Three years ago my evil eye was caught by That Cosmopolitan Girl, a lithe, if empty-eyed little thing, with an exposed chest, who was declaring in a full-page ad that among the blessings for which she was thankful that year (it was a Thanksgiving Day ad) were an apartment full of wicker and ferns, a grey suede coat, "three new accounts directly traceable to me " (she spoke with emphases ), a boyfriend with a magic tough, and, of course, Cosmopolitan magazine, which made all else possible. Other than seeming a nincompoop, there really wasn't anything offensive about this year's Cosmopolitan Girls, she was a darling.

This year's Cosmopolitan Girls are not darlings -- at least not the two I've seen. One was in an ad for Christmas, the other for New Year's; and the two of them together suggest that That Cosmopolitan Girl has trod a rough, mean road these past three years.

The new Year's ad shows a beautiful young woman in a ceramic hairdo, wearing the traditional Cosmopolitan outfit of a something-or-other open to the waist. Among the lady's New Year's resolutions are: "to grow fingernails, to learn Italian, to bake really good pumpernickel, to finish my short story, to be gorgeous and maybe even a little brilliant at my job." What her job is, she does not say, though it must be unusual if she has the option to be brilliant at it or not. We would know better just how brilliant she can be if we knew whether by finishing her short story, she was referring to writing or reading. In any case, her dual quest to master Italian and bake pumpernickel seems to show a commendable international breadth; and if growing fingernails will help (we assume she isn't starting from scratch), more power to them.

The revealing parts of the ad, however, are the lady's first two resolutions: "to go limp (and silent) when my mother says something really horrible, and to listen to every word my husband says as raptly as I do my boss (even when my beautiful spouse is a little wordy)." Here, clearly, is where the lady's true character resides. We can see her drumming her nail-less fingers silently on her short story while her husband stupifies the air with tales of the office. She is not thinking of beautiful him, nor of her big-mouth mother. She is thinking of her office, and of her boss -- perhaps a German-Italian, which would explain two of her resolutions -- a boss whose future must also be considered precarious in the fingernail-growing hands of a woman like this. Here is no ordinary go-getter. Here is a woman who can turn her own gorgeousness and brilliance off and on at will, and who masks her ambition in bread and Italian. A hard pumpernickel is ms. New Yearhs. And yet a cream puff compared with Ms. Christmas.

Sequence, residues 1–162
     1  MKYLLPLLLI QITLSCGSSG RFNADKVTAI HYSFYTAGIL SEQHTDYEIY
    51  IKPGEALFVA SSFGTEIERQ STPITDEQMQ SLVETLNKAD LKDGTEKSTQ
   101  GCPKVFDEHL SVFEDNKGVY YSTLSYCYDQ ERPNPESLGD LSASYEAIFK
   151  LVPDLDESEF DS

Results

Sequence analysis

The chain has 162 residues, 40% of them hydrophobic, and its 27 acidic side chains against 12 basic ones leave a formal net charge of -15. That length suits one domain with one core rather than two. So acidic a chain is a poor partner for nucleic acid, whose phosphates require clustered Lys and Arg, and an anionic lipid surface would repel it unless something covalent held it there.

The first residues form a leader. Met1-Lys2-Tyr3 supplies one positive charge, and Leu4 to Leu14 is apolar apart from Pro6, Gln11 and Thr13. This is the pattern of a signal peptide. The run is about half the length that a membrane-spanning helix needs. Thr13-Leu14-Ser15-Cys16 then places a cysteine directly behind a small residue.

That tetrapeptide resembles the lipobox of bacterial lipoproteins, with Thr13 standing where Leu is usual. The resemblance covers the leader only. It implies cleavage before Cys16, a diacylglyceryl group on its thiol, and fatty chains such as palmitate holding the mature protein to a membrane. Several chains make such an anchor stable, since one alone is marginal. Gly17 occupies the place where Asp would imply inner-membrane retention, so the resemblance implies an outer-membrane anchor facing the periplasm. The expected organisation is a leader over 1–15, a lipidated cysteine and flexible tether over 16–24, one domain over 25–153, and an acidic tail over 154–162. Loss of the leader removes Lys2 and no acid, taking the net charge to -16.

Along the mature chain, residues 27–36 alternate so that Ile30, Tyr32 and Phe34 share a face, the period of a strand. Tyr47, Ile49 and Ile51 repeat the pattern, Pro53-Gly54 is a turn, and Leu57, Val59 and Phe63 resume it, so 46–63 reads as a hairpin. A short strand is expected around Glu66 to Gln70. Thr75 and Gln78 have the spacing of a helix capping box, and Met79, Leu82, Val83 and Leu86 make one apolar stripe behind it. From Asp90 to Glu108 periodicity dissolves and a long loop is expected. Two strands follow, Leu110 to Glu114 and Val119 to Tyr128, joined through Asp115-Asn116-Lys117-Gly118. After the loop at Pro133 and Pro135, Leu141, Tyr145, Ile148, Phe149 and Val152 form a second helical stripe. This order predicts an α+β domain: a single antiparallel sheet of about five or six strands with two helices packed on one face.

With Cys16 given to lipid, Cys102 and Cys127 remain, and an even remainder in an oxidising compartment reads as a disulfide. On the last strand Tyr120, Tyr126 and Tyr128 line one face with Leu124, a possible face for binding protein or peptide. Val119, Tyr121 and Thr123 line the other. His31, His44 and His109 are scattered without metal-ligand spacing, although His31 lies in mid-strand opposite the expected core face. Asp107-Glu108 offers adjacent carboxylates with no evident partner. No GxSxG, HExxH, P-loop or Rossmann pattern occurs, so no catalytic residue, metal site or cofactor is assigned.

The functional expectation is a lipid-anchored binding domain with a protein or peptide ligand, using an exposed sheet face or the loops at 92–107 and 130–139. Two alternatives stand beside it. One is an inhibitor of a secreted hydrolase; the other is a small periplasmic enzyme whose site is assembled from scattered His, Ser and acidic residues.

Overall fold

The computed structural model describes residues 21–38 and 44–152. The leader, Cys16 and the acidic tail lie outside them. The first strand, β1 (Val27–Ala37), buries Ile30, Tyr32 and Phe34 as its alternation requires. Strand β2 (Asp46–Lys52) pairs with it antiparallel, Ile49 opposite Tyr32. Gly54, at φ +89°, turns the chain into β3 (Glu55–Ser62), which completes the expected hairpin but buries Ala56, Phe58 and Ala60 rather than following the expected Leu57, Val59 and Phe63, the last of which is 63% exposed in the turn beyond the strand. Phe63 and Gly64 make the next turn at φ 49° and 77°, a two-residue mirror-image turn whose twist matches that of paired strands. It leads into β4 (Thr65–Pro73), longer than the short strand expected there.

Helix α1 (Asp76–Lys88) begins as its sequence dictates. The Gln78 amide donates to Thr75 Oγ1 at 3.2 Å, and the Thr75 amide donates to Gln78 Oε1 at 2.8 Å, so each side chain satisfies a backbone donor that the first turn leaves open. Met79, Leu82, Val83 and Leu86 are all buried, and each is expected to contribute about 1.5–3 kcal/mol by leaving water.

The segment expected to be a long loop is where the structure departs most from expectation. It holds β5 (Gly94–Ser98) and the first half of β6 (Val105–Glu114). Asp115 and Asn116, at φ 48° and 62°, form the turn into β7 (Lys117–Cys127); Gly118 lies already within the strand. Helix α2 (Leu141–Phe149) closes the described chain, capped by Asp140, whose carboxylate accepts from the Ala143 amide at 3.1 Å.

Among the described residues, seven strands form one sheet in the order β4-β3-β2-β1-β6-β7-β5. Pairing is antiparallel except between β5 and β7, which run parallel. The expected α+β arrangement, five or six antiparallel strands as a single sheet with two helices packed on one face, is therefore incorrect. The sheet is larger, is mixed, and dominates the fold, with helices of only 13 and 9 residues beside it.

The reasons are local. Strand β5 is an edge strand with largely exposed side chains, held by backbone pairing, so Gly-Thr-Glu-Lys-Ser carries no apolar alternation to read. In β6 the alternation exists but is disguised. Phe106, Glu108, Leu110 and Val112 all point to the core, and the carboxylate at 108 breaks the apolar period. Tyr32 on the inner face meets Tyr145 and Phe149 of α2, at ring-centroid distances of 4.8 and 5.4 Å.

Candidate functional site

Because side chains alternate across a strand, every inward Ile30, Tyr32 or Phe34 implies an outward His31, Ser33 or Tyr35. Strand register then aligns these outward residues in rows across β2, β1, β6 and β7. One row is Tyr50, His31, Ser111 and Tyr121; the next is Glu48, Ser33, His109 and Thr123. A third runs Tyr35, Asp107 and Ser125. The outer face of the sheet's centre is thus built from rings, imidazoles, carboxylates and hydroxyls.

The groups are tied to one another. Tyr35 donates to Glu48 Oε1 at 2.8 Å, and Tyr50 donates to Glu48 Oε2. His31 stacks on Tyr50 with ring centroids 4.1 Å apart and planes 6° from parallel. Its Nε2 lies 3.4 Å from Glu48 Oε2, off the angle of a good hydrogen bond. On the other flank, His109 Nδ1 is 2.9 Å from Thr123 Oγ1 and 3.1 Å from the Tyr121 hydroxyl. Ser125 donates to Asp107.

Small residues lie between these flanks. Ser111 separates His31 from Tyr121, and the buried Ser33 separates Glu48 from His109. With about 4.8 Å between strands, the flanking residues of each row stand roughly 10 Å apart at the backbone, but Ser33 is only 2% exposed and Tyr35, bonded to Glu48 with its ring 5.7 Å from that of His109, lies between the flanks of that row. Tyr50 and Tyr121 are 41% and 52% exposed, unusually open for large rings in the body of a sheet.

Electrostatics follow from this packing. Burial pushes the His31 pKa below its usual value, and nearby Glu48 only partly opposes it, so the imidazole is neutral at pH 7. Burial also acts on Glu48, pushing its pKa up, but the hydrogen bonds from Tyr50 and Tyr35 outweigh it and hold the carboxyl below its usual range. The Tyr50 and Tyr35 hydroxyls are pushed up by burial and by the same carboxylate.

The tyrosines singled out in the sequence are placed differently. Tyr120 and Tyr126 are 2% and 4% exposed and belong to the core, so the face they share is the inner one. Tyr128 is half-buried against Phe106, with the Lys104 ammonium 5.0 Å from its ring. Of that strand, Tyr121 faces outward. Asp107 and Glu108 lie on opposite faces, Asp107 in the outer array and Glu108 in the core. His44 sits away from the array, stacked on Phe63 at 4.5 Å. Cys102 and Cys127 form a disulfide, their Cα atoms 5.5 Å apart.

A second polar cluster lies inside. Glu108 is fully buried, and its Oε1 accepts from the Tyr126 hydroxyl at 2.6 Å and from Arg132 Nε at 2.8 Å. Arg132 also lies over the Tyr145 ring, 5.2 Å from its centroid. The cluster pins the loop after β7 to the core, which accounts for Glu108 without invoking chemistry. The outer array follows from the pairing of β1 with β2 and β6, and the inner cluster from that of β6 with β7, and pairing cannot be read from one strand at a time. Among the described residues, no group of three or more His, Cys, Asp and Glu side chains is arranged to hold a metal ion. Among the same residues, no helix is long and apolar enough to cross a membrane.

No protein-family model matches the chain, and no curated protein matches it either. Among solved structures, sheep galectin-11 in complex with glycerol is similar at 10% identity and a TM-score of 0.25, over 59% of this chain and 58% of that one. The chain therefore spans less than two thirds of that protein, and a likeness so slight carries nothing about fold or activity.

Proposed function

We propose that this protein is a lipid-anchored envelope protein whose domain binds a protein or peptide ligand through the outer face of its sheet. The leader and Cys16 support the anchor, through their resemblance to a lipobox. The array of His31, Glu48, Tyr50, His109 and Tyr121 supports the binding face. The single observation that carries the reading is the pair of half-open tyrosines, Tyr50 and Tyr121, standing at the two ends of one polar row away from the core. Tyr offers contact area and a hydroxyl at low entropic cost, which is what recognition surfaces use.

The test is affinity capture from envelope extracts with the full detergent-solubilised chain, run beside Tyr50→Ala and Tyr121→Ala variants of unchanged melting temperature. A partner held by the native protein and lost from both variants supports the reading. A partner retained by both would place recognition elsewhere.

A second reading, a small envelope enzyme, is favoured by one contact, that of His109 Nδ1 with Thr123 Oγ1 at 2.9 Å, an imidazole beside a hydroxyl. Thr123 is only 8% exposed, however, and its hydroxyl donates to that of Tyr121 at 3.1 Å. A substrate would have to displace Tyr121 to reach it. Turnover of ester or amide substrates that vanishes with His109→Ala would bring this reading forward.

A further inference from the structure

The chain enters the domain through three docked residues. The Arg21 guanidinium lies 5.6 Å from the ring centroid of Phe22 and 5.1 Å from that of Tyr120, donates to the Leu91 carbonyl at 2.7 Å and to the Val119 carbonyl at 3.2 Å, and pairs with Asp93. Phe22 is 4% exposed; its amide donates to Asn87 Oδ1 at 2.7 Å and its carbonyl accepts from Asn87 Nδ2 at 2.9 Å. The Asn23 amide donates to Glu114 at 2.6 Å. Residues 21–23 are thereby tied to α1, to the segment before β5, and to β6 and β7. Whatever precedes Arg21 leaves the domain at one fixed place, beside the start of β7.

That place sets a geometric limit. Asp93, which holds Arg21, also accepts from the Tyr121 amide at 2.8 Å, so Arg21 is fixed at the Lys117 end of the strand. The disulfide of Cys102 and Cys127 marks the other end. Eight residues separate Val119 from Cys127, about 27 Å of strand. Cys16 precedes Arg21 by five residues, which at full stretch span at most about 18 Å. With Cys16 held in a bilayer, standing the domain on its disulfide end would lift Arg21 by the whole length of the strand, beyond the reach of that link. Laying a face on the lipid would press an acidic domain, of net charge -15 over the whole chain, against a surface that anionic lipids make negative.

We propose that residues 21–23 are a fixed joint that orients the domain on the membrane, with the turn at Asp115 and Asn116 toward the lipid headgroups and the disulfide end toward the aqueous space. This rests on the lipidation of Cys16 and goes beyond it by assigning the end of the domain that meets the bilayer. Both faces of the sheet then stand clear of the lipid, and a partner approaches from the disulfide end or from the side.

The Christmas ad for Cosmopolitan shows a woman who looks quite different from Ms. New Year's, quite different from anyone, in fact. Her face is lethal, straddled by diamond earrings the size of Roxy chandeliers, and a horde of blonde hair that seems to be trying to eacape from her head. She has on even less than Ms. New Year's, though one is not drawn to the parts that show. She says:

"What do I want for Christmas? Let's start with the unimportant things: gold loop earrings even through gold's gone out of sight, still another pair of boots -- burgundy this time. As for the heavy stuff, I'd like a week in the Caribbean with Jess alone (the children can stay with their real mommy), another assistant in my department... if I can be the boss of six, I can manage seven, and we're drowning plus... well... plus some political leaders both local and national I can really put my girlish fait in."

No mere boss-snatcher, she. Obviously she wants gold earrings, not "even though," but because gold has gone out of signt. What else is one to conclude about a woman who would cavalierly leave Jess's children fatherless at Christmas, and their "real mommy" Jessless. Naturally, her use of "real mommy" is meant to imply that she is a worthy surrogate, which is hard to believe of a cynic who cites her "girlish faith" in local and national politics. A week in the Caribbean, that's all she's thinking of, with "heavy stuff" Jess along for the functional ride. Can there be any doubt that she'd chuck Jess in a moment for that seventh assistant? And what exactly is her "department" anyway -- the police? It would explain the boots.

What we have here, in short, are two tough cookies, ready and eager to take take take. Is this what has happened to That Cosmopolitan Girl in a brief three years? I this -- dare one ask -- what is happening to That American Woman, for whom That Magazine purports to speak? Could not the sweet child of three years ago have been content with her ferns and three accounts? Did she have to take over the boss as well, and the department, to say nothing of Jess?

It may be the way of the world to see a woman go from ferns to gold, my friends, but it's not a pretty sight.